Dawkins said his vision for Manual was to change the narrative “from a school that’s been having hard times to a school that’s on an upward trajectory and where kids can be found being wildly successful.” Just two weeks ago, Dawkins hosted an event with Mayor Michael Hancock, a high-profile alum, highlighting “Manual’s Med School,” which offers advanced classes intended to help students earn college credits and go on to careers in the medical field.

Community organizer and Manual alum Candi CdeBaca said Dawkins represented what students wanted in a leader in the aftermath of the tumultuous closure and reopening.

“So many principals and teachers and administrators in schools like Manual are trying to teach kids how to leave their community and disconnect from their community, and he was trying to teach kids to be part of their community and be change agents in their community,” she said. “He knew that everything that we needed is right here in our backyard.”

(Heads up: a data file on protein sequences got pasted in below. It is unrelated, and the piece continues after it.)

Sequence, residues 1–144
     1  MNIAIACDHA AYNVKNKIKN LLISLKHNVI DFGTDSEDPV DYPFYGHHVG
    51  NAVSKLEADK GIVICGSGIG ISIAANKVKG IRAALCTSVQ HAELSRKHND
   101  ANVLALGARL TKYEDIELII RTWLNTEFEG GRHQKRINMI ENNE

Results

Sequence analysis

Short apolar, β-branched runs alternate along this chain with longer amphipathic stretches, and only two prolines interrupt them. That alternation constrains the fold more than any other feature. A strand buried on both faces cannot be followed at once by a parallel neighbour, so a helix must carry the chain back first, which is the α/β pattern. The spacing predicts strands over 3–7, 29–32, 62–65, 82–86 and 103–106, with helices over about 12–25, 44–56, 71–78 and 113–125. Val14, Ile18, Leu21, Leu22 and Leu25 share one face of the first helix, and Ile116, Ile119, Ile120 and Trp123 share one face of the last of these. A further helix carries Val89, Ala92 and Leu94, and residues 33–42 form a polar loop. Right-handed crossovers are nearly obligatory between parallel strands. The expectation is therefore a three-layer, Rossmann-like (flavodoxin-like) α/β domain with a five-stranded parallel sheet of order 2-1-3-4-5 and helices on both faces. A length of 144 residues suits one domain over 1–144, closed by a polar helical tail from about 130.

Denver Public Schools is expected early next week to announce the interim principal, spokesman Will Jones said. The district will also announce the details of the process to select a permanent replacement, he said.

Read Dawkins’s full resignation letter below, as well as the letter from Boasberg and Cordova.

Bureau chief Erica Meltzer contributed to this report.

Reinventing school

What’s next for the Laurene Powell Jobs-funded effort to rethink American high schools

Tom Hanks and James Corden during XQ's TV special, "Super School Live."

A star-studded television special broadcast on major networks last year had a simple message: high schools haven’t changed in 100 years, but they need to — and fast.